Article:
Longform

'Til Death Do Us Part: Arizona's Dangerous Love Affair with Guns

The fatal shooting of a lawyer and a businessman on January 30 just outside a Central Phoenix office building would have been bigger news on any other day.

But it happened to occur at the exact time that Mark Kelly, husband of former Arizona Congresswoman and mass-shooting victim Gabrielle Giffords, gave testimony in Washington, D.C., during a U.S. Senate Judiciary Committee hearing on gun violence.

Viewers already struggling with memories of the January 8, 2011, massacre in Tucson, where six died and 13 were wounded in a hail of bullets, suddenly had another reason to view Arizona as gun-crazy.

The timing of the fresh murders only seemed to emphasize the point of gun-control advocates at the hearing, which itself was a reaction to the classroom bloodbath on December 14 in Newtown, Connecticut, where 20-year-old Adam Lanza used a Bushmaster AR-15 to slay 20 little kids and six adults.

Attorney Mark Hummels, who died two days after the Phoenix shooting, was a likable, well-known lawyer in town. (New Times mentioned him in a December blog post for his defending Cox Communications against a lawsuit by Joel Fox, the scandal-plagued former Maricopa County Sheriff's Office captain.)

The businessman, Steve Singer, was CEO of Scottsdale-based Fusion Contact Centers. The shooter, Arthur Harmon, had been involved in a legal dispute with Singer, angry over payment for contract work he'd done for the company. A day after gunning down the two men and wounding a bystander, Harmon was found dead of a self-inflicted gunshot wound in Mesa.

There was a 100 percent chance that gun violence would occur somewhere in the nation during the hearing. The United States recorded 8,583 firearm murders in 2011, most recent FBI statistics show. That's an average of about one per hour.

Murders with firearms are slightly more common in Arizona than in other states, though the state still doesn't crack the top 10. In 2011, the most recent year for which statistics are available, the state ranked 13th in firearm murders per capita. Phoenix, the sixth-largest city in the country, has a murder about every third day. But most murders and shooting incidents don't involve people like Hummels and Singer — as in other cities, murderers and their victims tend to come from lower economic classes.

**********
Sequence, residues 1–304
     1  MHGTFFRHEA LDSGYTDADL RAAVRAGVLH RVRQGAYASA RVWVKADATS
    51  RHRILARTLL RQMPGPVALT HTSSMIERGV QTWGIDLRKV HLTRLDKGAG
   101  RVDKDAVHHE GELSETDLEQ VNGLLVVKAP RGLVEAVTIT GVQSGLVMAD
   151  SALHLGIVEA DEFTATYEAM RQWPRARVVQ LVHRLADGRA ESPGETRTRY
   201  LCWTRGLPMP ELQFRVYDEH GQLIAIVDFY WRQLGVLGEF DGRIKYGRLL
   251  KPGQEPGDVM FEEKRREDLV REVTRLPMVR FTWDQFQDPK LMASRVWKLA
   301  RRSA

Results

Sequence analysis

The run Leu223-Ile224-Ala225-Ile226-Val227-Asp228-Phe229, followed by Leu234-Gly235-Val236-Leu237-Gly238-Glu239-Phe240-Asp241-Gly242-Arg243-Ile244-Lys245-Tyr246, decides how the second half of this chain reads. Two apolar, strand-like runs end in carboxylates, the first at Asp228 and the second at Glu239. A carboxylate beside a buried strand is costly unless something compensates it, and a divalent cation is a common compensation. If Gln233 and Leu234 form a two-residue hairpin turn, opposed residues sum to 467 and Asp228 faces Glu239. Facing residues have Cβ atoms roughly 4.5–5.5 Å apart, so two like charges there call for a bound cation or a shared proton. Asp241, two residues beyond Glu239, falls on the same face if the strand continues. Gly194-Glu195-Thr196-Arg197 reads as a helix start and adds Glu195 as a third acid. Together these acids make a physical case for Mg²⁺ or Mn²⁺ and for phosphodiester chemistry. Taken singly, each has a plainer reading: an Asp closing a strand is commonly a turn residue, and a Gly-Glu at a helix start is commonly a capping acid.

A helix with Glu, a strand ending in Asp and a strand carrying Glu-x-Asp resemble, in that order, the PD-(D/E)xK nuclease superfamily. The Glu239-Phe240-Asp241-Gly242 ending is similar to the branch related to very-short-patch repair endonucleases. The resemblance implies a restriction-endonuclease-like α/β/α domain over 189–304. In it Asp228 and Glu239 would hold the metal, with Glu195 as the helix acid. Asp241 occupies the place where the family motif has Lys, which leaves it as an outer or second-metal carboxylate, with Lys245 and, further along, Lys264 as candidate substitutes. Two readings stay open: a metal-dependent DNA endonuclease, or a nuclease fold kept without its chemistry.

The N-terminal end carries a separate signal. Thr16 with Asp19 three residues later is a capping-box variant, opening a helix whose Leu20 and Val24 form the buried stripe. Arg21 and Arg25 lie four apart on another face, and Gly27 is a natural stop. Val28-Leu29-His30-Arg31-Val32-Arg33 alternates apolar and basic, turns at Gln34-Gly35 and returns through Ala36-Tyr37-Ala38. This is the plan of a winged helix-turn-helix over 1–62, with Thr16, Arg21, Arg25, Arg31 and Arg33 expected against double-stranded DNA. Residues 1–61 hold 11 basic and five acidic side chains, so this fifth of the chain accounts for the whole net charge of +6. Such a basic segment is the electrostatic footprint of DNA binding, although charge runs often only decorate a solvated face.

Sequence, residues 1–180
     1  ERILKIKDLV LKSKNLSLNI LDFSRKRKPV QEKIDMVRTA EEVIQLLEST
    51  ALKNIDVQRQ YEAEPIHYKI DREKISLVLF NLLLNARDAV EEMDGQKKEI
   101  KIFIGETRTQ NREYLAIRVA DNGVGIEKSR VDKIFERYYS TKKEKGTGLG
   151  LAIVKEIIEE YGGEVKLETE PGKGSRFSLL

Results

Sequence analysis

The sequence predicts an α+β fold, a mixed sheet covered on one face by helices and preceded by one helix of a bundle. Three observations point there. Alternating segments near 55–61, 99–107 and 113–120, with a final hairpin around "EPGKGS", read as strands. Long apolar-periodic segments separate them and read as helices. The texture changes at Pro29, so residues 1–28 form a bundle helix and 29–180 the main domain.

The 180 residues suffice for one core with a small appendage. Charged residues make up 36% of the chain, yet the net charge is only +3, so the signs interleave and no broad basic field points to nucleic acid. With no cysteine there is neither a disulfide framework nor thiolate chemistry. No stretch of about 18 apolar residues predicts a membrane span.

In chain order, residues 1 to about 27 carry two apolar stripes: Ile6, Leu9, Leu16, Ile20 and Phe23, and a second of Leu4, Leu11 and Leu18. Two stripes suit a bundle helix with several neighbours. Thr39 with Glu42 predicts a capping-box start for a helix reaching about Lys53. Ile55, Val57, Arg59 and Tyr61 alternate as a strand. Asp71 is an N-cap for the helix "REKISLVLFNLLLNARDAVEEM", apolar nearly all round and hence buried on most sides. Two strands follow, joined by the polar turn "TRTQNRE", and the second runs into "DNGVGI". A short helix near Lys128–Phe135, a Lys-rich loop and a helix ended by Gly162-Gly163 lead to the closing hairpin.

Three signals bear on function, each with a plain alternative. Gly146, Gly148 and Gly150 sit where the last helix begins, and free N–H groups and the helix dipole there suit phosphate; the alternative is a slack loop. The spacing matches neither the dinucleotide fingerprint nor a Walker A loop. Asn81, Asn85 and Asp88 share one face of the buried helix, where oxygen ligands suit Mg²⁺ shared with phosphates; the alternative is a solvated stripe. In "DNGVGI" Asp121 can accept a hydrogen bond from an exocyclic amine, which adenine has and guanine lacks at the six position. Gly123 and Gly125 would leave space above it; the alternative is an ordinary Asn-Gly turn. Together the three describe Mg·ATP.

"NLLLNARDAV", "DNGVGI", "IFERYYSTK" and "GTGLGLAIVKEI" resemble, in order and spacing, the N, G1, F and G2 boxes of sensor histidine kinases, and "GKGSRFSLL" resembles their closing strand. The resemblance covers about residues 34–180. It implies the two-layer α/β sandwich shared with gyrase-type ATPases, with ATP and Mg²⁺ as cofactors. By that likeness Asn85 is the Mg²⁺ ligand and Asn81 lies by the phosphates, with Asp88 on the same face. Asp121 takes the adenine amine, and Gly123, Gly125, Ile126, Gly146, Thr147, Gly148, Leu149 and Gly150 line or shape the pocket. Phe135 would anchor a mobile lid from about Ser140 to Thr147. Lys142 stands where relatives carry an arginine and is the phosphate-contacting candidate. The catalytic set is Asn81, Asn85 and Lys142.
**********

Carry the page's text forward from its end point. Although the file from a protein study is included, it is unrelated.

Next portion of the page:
Before Kelly announced the news of the shooting to U.S. senators and millions of TV viewers, Giffords spoke to the panel briefly in a halting voice, with obvious effort. Giffords beat the odds by surviving the bullet that passed through her head, but she was left blind in one eye and paralyzed in her right arm, and she suffers motor and speech impairments from her brain injury.

"Speaking is difficult, but I need to say something important," she said. "Violence is a big problem. Too many children are dying. Too many children. We must do something. It will be hard, but the time is now. You must act. Be bold. Be courageous. Americans are counting on you."

After the Newtown horror, Kelly and Giffords formed an activist group, Americans for Responsible Solutions, which they hope will raise millions of dollars to wage battle with the well-funded National Rifle Association. They haven't been specific about the type of new laws and equipment restrictions they support and didn't return calls for this article.

But a poll on the ARS website suggests that their issues dovetail with those raised and presented to President Barack Obama following meetings of a task force led by Vice President Joe Biden. The issues include the potential banning of "assault weapons" and gun magazines that have a "high capacity," as well as requiring background checks for buyers in private sales of weapons.

Later in the hearing, Kelly was asked by Senator Richard Blumenthal (D-Connecticut) whether "better" background checks would make Arizona and the nation safer.

"Absolutely, Senator," the retired astronaut replied. Then, with a twinge of excitement, he relayed the news that "while we were having this hearing . . . in Phoenix, Arizona, there is another what seems to be possibly a shooting with multiple victims."

The interruption by Kelly became its own story that day, with national news outlets and blogs noting the coincidence.

"Gabby Giffords' hearing today interrupted with news of mass shooting in Phoenix," reads a headline from a post in the Daily Kos blog.

"Irony alert," begins a headline on a story by Matt Wilstein of Mediaite.com.

But it wasn't really ironic.

It also wasn't ironic that Kelly and Giffords, who overnight became the country's two most famous gun-control advocates, are honest enough to admit that they both own guns. Giffords, as was widely reported before she was shot, owns a semi-automatic Glock similar to the one used by her assailant.

Such things are what the country has come to expect from the Wild West state of Arizona.

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Ray Stern has worked as a newspaper reporter in Arizona for more than two decades. He's won numerous awards for his reporting, including the Arizona Press Club's Don Bolles Award for Investigative Journalism.
Contact: Ray Stern